The Valley Complex
There are different archaeological interpretations of these groupings. The structuralist interpretation holds that the different complexes had different functions: the Hill Complex as a temple, the Valley complex was for the citizens, and the Great Enclosure was used by the king. Structures that were more elaborate were probably built for the kings. Other researchers suggest that the complexes represent the work of successive kings: each new ruler founded a new residence. The focus of power moved from the Hill Complex in the twelfth century, to the Great Enclosure, the Upper Valley and finally the Lower Valley in the early sixteenth century. Some researchers claim that the ruins may have housed an astronomy observatory, although the significance of the alignments upon which these claims are based is contested.
The most important artifacts recovered from the Monument are the eight Zimbabwe Birds. These were carved from a micaceousschist (soapstone) on the tops of monoliths the height of a person. Slots in a platform in the Eastern Enclosure of the Hill Complex appear designed to hold the monoliths with the Zimbabwe birds, but as they were not found in situ it cannot be determined which monolith and bird were where. Other artifacts include soapstone figurines, pottery, iron gongs, elaborately worked ivory, iron and copper wire, iron hoes, bronze spearheads, copper ingots and crucibles and gold beads, bracelets, pendants and sheaths.
Archaeological evidence suggests that Great Zimbabwe became a center for trading, with artifacts suggesting that the city formed part of a trade network linked to Kilwa and extending as far as China. This international trade, mainly in gold and ivory, was in addition to the local agricultural trade, in which cattle were especially important. The large cattle herd that supplied the city moved seasonally and was managed by the court. Chinese pottery shards, coins from Arabia, glass beads and other non-local items have been excavated at Zimbabwe. Despite these strong international trade links, there is no evidence to suggest exchange of architectural concepts between Great Zimbabwe and centres such as Kilwa.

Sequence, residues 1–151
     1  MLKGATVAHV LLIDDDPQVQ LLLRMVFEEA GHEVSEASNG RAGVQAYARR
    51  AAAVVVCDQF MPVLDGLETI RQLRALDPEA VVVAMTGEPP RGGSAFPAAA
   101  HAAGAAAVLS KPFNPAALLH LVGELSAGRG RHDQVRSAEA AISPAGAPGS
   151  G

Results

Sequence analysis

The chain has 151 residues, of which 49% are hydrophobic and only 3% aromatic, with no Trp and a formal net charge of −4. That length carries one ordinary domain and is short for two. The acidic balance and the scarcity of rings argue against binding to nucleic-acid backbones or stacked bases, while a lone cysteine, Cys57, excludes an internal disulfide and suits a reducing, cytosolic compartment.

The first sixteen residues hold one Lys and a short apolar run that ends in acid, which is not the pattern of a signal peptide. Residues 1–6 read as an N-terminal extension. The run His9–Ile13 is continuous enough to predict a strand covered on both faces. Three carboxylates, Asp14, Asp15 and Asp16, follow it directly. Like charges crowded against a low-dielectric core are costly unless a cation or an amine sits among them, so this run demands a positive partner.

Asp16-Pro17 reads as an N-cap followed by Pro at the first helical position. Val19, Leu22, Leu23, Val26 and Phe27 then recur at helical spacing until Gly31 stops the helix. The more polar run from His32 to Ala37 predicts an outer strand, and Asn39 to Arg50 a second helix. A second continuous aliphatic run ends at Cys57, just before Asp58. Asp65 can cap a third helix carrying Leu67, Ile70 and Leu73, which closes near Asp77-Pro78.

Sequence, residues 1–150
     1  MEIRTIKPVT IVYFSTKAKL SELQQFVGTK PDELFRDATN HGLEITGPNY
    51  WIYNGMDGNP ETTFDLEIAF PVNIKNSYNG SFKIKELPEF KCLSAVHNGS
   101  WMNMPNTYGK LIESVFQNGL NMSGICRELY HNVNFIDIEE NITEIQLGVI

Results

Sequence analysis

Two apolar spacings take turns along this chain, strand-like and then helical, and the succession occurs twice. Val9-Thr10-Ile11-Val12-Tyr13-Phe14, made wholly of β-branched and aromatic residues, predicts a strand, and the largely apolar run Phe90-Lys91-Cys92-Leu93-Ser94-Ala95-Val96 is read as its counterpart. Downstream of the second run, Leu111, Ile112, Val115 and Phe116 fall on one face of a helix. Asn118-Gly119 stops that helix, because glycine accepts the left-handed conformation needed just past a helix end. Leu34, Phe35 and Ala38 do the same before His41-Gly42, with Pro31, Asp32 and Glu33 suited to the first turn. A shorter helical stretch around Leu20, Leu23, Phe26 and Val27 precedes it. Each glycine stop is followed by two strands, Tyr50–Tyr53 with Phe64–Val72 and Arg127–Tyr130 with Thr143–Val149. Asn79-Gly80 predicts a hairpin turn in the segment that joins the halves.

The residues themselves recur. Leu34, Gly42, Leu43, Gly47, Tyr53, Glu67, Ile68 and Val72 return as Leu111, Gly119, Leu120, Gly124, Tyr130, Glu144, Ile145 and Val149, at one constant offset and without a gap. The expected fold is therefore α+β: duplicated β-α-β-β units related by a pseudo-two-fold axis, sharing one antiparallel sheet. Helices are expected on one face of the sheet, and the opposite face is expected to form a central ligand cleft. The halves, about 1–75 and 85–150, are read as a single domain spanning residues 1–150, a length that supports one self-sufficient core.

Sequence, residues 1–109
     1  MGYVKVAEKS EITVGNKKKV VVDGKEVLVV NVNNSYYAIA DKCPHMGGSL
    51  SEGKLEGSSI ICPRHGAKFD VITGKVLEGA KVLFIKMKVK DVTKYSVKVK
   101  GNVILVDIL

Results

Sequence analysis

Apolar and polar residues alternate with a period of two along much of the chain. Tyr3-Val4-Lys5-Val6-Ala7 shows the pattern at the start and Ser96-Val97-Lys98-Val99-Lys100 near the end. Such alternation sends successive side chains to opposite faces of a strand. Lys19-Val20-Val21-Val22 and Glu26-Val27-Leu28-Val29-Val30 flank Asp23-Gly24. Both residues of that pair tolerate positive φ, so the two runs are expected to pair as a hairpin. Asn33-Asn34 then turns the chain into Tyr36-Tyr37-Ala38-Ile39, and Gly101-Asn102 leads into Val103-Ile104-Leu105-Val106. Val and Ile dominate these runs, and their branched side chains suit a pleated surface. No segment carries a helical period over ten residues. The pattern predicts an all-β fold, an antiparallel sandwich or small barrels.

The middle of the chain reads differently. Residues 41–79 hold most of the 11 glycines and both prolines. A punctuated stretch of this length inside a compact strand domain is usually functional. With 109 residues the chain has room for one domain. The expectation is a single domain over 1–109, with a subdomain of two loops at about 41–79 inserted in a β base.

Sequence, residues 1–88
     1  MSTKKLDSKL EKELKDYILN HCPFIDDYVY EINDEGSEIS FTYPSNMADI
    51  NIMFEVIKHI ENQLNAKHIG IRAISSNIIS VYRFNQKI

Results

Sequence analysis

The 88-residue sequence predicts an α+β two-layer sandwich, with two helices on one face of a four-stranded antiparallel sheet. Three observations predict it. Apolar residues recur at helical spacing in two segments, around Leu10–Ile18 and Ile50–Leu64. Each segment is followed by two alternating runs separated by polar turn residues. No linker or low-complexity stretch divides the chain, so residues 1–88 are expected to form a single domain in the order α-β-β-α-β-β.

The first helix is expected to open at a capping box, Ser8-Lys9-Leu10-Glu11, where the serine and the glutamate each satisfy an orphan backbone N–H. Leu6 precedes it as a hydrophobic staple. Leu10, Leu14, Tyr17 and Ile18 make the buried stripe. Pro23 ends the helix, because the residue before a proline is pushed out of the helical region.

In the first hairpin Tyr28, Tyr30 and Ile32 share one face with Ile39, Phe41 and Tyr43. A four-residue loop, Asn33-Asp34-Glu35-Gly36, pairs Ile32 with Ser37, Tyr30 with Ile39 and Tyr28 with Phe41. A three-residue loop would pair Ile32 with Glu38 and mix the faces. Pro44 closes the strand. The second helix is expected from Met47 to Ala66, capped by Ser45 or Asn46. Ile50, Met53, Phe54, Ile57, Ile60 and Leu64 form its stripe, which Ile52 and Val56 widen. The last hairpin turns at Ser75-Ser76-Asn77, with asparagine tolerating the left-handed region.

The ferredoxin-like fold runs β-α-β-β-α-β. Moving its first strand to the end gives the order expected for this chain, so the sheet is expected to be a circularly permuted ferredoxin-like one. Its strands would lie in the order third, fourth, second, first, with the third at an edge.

How to get there
Direct chartered flights to Masvingo en-route to Bulawayo, Chiredzi and Victoria Falls.
Direct services everyday Great Zimbabwe from Harare and Bulawayo.
There are a lot of local public buses available from and to Masvingo. From Masvingo, the area capital; options are limited to car hire and taxi or local bus service to Morgenster Mission, 4 km from Great Zimbabwe. Other alternatives are to take one of the many tours available from Bulawayo, or Harare.
Places to visit
• Lake Mutirikwi (formerly Lake Kyle ), which is the largest inland dam in Zimbabwe
• Kyle Recreational Park (South East of the town) and Mushandike Recreational Park (West of the town)
• Cultural villages around the Great Zimbabwe exhibit exhilarating unadulterated traditional dances and practices of the Karanga people